Discussion



Kaposi's varicelliform eruption or eczema herpeticum was first described by Moriz Kaposi (1887) while describing 10 cases of vesiculopustular eruptions which he termed as eczema larvare infantum. [5] Different descriptive terms like eczema herpeticum, eczema vaccinatum, eczema molluscatum were however used later depending upon aetiological agent inducing disseminated eczematous eruptions irrespective of underlying predisposing cutaneous disease.

The exact aetio-pathogenesis of KVE is far from clear. It appears to involve a complex interplay of factors which include breach in skin barrier function in presence of dermatitis, increased susceptibility to infection due to altered host defense, demasking of binding sites for viruses, and lack of plasma cytoid dentritic cells along with failure to up regulate host antiviral proteins. [3] Eczematous skin explants of patients with atopic dermatitis and psoriasis have also been observed to have faster viral replication than normal skin, probably making them more susceptible to infection. [6]

Clinically, KVE involves spread of lesions to areas affected by another skin disease without much evidence of exogenous direct cutaneous inoculation as the nerve endings and sensory ganglions are usually not affected. Similarly, reactivation and recurrences, a hallmark of herpes group of viral infections, are not usual with KVE. Thus, dissemination of virus in KVE appears to be mainly hematogenous as evidenced by detection of HSV - DNA in non - herpetic areas of patients with KVE. [7],[8] Diagnosis of KVE is usually clinical combined with laboratory evidence of viral infection like ballooning degeneration of keratinocytes in Tzanck smear from vesiculo-pustular eruptions along with viral cultures and PCR. A number of skin diseases predisposing to KVE have been reported, but still its association with psoriasis is rare. Recently, Rosurberger coined a new term, psoriasis herpeticum, to describe KVE with HSV in patients of psoriasis.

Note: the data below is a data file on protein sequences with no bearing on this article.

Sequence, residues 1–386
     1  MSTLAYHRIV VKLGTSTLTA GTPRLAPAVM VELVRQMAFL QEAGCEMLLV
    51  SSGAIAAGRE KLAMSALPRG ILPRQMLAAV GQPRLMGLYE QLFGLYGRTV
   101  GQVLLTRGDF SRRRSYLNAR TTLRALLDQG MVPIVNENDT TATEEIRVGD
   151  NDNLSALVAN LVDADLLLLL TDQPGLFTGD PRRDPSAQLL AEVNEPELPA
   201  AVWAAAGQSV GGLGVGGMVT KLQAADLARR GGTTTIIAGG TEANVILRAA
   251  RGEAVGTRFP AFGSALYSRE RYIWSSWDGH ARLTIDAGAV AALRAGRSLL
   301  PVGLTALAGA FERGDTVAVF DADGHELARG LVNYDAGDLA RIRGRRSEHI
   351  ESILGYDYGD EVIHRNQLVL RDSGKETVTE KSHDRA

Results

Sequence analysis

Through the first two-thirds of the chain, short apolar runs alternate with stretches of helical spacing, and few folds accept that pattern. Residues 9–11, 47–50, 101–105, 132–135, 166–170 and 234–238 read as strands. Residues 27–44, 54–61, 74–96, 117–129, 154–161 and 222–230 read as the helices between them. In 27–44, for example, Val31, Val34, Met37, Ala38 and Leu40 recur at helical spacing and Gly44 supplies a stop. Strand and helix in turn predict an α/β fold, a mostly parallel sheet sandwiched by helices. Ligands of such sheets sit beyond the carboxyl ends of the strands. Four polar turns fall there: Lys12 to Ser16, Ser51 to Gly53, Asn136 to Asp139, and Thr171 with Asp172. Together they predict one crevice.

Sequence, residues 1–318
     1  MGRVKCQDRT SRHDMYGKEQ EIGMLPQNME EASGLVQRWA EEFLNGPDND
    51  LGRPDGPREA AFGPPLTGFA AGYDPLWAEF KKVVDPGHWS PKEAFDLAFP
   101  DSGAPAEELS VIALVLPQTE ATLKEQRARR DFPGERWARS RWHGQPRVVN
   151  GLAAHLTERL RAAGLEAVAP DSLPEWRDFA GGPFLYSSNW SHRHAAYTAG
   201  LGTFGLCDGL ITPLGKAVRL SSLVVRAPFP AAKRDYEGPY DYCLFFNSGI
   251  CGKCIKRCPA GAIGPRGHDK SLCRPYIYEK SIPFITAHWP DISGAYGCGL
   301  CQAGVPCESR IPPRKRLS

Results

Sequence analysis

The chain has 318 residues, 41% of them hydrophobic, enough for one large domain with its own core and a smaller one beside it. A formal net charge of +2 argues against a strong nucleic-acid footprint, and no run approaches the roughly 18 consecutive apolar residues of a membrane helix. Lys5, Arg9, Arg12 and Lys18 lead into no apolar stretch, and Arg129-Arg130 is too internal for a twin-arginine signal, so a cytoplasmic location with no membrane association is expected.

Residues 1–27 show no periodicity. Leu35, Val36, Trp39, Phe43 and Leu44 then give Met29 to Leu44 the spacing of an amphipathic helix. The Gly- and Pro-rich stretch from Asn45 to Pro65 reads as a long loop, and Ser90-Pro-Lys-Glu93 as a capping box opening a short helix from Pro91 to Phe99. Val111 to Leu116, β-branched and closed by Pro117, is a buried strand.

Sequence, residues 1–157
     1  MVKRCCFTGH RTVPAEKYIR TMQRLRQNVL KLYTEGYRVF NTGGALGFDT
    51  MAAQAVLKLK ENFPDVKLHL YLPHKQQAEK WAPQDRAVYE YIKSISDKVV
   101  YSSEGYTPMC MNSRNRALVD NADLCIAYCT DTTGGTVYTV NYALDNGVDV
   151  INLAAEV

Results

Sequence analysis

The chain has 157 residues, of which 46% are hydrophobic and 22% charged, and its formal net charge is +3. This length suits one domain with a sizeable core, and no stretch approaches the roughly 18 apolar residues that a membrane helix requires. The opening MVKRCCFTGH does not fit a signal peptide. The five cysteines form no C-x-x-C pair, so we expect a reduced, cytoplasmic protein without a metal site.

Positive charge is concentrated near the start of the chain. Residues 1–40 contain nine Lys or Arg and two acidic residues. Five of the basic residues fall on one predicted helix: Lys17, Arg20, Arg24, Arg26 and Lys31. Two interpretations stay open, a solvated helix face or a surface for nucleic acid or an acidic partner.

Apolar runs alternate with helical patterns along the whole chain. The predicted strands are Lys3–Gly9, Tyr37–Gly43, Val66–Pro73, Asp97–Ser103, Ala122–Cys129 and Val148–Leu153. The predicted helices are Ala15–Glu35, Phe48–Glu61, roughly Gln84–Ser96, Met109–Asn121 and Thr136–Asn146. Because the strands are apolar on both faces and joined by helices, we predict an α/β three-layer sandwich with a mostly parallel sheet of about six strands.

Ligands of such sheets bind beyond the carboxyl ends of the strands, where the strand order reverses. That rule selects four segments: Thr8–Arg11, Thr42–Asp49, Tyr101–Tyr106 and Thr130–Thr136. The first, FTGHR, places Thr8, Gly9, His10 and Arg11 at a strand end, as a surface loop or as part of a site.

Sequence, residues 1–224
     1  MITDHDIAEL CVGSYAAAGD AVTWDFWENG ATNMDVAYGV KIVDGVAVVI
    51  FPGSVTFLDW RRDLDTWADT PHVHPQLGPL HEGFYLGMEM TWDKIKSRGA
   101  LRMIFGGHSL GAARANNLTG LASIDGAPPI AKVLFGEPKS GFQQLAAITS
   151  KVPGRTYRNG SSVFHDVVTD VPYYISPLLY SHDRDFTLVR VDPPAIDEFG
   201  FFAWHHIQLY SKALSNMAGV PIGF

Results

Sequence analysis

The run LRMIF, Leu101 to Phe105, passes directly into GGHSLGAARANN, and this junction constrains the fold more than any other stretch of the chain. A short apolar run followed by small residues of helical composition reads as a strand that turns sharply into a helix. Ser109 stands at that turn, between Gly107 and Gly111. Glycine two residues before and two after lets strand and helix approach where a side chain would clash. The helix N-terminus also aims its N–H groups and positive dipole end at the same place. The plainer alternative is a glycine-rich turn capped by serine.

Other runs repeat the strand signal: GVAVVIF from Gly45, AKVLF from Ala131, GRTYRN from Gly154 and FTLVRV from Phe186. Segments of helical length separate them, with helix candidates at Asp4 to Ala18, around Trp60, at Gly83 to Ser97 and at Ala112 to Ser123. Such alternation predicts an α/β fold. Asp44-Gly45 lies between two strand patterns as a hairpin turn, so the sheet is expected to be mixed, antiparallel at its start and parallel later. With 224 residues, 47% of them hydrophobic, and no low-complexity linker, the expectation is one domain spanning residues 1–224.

The present patient had an eruption clinically suggestive of Herpes zoster with dissemination akin to disseminated zoster in an immunocompromised subject. Whether erythrodermic psoriasis has contributed in the dissemination of cutaneous eruption in this patient is difficult to ascertain, but keeping in view the extent of herpetic eruption, the possibility of psoriasis herpeticum induced by Varicella zoster virus on a background of erythrodermic psoriasis is equally tenable.

A transient viremia occurs in all herpes zoster patients localized to a particular dermatome. This transient viremia is responsible for Herpes zoster with aberrant vesicles and secondary cases of varicella. However, a persistent viremia in some patients may lead to disseminated zoster especially in association with immunosupression. The present patient was receiving systemic glucocorticoids and methotrexate along with a compromised cutaneous barrier due to erythrodermic psoriasis may have acted as an ideal subject for development of disseminated zoster or KVE, both of which appear to be clinical indistinguishable in this patient.

References